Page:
Emails to New Grad Students

Here it is July 22, 2013!  Unless the structure of time and/or the academic calendar has changed, that means that many thousands of people are about to embark on the wondrous adventure of graduate school in a mere month or so.  I have been on a grad school journey that has involved 2 masters degrees, an almost complete PhD (I’m getting close!) and spanned 3 states and 8 years.  A little while ago a friend of mine who was about to start a masters degree emailed me (and her other grad school experienced buddies) to ask for general grad school advice.  Here is what I wrote:

1.  Give yourself limited amounts of time to work on each project/assignment.  If you give yourself all day, you will take all day and also be unfocused and spend time looking at the internet, and even though you half-worked all day, you will not have had any fun and feel exhausted.  Fun keeps a person sane!

2.  Speaking of fun, I recommend scheduling it.  This will motivate you to work when you are supposed to.

3.  Especially if you are going to school for a terminal degree, do not stress out about grades.  Grades are an imperfect way to measure your knowledge, effort, and skills.  Just do your best, try to learn, and don’t get obsessed with perfection.

4.  In the words of your elementary school teacher “keep your eyes on your own test”.  I mean that both literally (For the love of all things rational do not cheat.  Just don’t.) and figuratively.  Meaning, don’t get drawn into other people’s stress.  Don’t worry about what other people are doing, just work on yourself.  If someone keeps talking about how they spent all night on the assignment that you took 2 hours to do, take that as an opportunity to feel good about your time management.  Don’t start to wonder if you spent too little time on the assignment.  Don’t start comparing work styles with other people who are going to extremes.  Don’t get into some kind of imaginary competition with your classmates.  Don’t keep score. Just do what YOU need to do, and other people will do what they need to do.  Learn from your classmates, but don’t take on their stress.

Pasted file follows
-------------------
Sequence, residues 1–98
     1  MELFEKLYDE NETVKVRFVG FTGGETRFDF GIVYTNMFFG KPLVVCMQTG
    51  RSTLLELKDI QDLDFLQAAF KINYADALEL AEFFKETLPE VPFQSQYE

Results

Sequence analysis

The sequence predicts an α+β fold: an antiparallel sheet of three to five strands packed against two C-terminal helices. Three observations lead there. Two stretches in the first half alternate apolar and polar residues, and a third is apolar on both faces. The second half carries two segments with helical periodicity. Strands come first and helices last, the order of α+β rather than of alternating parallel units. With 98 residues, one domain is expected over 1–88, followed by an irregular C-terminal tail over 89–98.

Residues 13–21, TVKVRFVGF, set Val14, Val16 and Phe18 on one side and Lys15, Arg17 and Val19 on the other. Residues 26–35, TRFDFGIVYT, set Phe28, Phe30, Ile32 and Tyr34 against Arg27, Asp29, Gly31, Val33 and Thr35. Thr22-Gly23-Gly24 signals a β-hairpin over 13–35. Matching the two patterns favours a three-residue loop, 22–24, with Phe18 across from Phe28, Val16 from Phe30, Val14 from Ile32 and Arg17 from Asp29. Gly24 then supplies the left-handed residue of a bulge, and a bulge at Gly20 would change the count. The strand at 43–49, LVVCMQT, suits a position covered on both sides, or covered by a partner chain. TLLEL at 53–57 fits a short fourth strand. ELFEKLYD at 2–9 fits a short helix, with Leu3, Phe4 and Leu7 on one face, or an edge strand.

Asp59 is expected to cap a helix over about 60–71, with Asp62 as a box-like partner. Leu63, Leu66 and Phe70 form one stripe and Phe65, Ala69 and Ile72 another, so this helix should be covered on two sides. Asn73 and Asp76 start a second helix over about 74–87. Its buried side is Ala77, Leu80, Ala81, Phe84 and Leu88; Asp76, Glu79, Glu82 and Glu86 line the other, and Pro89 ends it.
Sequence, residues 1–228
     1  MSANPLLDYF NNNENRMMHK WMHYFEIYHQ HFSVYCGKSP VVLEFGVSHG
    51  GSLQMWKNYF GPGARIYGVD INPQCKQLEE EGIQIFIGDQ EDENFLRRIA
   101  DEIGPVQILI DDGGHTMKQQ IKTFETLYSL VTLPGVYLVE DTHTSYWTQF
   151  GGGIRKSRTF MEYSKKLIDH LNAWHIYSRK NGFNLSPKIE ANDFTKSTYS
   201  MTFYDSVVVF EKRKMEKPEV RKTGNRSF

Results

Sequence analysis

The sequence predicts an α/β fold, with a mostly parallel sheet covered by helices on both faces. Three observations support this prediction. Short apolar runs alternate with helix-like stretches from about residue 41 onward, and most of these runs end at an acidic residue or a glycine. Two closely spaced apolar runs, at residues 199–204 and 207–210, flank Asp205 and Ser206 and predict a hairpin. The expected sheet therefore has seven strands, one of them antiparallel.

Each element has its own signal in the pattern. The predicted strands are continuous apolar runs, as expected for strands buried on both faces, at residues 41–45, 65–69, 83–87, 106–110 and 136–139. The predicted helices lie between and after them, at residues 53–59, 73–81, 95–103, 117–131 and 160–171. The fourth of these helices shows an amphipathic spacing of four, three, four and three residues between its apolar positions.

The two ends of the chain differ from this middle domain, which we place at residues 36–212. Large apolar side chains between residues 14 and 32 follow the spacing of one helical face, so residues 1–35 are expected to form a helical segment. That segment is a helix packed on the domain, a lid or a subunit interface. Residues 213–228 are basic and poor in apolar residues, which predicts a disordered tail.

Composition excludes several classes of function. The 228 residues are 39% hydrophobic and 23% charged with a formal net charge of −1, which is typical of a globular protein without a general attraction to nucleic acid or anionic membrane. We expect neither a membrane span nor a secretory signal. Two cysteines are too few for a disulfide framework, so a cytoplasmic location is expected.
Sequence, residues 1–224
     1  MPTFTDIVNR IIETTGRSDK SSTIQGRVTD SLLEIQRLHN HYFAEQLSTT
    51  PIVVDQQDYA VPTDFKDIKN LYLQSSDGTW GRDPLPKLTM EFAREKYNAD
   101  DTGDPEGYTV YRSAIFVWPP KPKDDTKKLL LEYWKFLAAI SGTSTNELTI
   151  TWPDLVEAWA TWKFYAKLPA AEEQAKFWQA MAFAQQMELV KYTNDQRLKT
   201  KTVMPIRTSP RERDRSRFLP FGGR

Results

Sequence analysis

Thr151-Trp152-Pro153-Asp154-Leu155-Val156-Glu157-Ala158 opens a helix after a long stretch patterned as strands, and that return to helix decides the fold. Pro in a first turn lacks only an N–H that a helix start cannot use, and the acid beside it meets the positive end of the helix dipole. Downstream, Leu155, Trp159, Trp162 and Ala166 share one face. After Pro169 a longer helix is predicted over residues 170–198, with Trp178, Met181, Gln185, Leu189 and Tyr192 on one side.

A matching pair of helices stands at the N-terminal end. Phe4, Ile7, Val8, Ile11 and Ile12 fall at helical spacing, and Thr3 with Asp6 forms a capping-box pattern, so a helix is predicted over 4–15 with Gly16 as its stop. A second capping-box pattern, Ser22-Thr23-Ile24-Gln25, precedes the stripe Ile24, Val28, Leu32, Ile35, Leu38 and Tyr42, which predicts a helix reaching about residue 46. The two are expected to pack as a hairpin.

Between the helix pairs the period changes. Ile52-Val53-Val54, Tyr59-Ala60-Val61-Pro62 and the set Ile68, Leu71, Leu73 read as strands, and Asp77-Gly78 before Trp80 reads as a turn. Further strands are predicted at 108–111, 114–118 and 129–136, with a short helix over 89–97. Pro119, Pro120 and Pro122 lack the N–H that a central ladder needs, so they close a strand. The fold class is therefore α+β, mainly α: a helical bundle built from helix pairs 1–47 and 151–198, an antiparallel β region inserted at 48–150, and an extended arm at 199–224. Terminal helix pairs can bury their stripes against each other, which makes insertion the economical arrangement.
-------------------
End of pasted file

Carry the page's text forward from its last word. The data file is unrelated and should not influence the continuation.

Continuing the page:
5. Ask for help early and often.  If you have shame about not knowing or understanding something, that shame will keep you from learning.  Go to office hours even if you don’t have questions.  Office hours are a great opportunity to learn from other’s questions.

6.  Start a study group with non-competitive and pleasant people.  Explain things to each other.  Have fun!

7.  It can be intimidating to go to grad school where you are going to be surrounded by people who may seem to be more accomplished than you, know more than you, have more meaningful life experiences than you, and also somehow have better social lives than you.  When you start to have thoughts that you don’t belong, or you are not good enough, *shut those thoughts down*.  Seriously, that is not a road you need to travel.  You got admitted, and as long as you stay engaged, work hard, ask for help early, and stay focused on improving your skills and learning you should be fine.

If you have more suggestions, or disagree with mine, please feel free to comment below.

Happy schooling!

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